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Why are locally compact groups Weil complete?

Note: A topological group $G$ is Weil complete if every left Cauchy net in $G$ is convergent.

Thank you, and sorry if I have bad writing.

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Take a left Cauchy net $(u_i)$. Choose $V$ a compact neighborhood of $1$. Using the Cauchy property, you should be able to show that for some $j$, for all $i>j$, $u_i$ lies in a translation of $V$, hence in a compact space. so you can extract a converging subset from $u_i$. and when you can extract a converging subnet from a Cauchy net it has to converge to the limit of the extraction. (direct consequence of the Cauchy property)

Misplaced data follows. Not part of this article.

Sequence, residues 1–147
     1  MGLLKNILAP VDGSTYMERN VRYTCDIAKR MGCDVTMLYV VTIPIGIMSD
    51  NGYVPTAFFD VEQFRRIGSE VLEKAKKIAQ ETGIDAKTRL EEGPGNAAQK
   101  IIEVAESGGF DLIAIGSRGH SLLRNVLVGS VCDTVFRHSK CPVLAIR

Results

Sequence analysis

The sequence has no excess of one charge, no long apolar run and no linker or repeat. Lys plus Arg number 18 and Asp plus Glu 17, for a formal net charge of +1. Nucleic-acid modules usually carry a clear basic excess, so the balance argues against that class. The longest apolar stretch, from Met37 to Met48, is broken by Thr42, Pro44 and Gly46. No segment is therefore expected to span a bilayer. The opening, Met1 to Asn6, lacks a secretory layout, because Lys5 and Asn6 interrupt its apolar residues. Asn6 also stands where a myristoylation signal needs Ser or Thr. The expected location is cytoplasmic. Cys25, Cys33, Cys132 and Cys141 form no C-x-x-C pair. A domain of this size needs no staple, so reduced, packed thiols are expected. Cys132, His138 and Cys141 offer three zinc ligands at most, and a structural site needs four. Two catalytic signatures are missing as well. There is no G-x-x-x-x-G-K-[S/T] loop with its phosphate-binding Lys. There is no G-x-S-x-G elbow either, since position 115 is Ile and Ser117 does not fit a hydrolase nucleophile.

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:How can conclude from subnet Convergence ,Convergence net?please more explain it. –  Wreza Shafaghi Oct 5 '12 at 17:42
    
Exactly as you would do with a sequence on a metric space : You have $(u_i)$ a cauchy net and $(u_j)$ a subnet converging to $u$. Take $V$ a neighborhood of $u$, and $V'$ a neighborhood of $0$ such that if $(u-x)$ and $(x-a)$ are in $V'$ then $a$ is in $V$. write the cauchy propertie for $V'$, then write that there is therm of $(u_j)$ which is $V'$ close to $u$ for $j$ big enough to be converne bu the previous cauchy propertie you wrote, you can deduce from those two thing, that for any $i$ concerne bu the cauchy properties, $u_i$ is in $V$. –  Simon Henry Oct 6 '12 at 8:26
    
(I wrote as if the group was commutative, but that doesn't change anything if it is not, this will work in an arbitrary uniform space) –  Simon Henry Oct 6 '12 at 8:32
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